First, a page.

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The number of balls in the draw has been increased from 49 to 59. National Lottery

While everybody dreams of winning the lottery, the chances of winning the jackpot prize in the Lotto could be harder than ever, following controversial changes to be introduced this weekend. (10 October) The number of balls in the draw will be increased from 49 to 59, increasing the odds of matching all six balls from one in 14 million to one in 45 million, while the chances of matching three balls drops from one in 57 to one in 97. All in all, it will be three times more difficult to win the life changing prize money.

Dr Simon Goodwin, a senior lecturer at the University of Birmingham's School of Mathematics explained: "Players will have less than one-third of the chance of winning the jackpot than previously. Similarly, the chances of matching five and the bonus ball will drop by more than a third, and the probability of matching 5, 4 or 3 balls will drop too."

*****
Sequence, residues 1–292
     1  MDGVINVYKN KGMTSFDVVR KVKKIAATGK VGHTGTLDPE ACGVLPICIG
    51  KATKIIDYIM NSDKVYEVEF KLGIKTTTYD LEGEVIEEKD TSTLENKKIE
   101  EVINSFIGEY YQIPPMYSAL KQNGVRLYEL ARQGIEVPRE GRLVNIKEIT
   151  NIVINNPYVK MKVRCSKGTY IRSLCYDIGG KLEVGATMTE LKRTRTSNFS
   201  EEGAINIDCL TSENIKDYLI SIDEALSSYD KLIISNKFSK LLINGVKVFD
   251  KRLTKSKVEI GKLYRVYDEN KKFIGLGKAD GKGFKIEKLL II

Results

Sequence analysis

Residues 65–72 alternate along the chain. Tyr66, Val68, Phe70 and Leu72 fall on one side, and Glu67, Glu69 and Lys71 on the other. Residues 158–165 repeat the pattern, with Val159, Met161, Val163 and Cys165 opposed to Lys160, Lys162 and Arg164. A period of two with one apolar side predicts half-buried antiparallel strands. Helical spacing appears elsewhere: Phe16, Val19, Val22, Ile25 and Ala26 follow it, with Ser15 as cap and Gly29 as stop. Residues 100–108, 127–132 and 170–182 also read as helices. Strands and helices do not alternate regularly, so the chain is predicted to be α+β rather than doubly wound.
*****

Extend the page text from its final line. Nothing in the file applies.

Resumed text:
Lotto operator Camelot defended the "enhancements" claiming that in fact, the new changes will give players a better chance of winning. As part of the lotto makeover, a new Millionaire Raffle will be introduced guaranteeing at least one millionaire per draw, while the average winning jackpot is expected to be triple the current level because of more rollovers.

Camelot says the chances of winning at least £1m will be better than the chances of winning the jackpot on the current game, with odds at one in just under 10 million compared with one in 14 million.

"By giving our players more chances than ever to become a millionaire and with bigger rolling jackpots to play for, we're making Lotto even more exciting," Camelot boss Andy Duncan told Sky News. "This will help to keep the game healthy and thriving in the years ahead - ultimately delivering even more for players and safeguarding the vital millions that Lotto raises for National Lottery projects every week."

As a further incentive, players who match two numbers will receive a Lucky Dip ticket for another draw. That would mean an extra 1.8 million winners a week, with the chance of winning any prize increasing from one in 54, to one in 9.3. The cost of playing stays at £2 a line.

The only thing that doesn't change, is the long-held dream of becoming a millionaire overnight.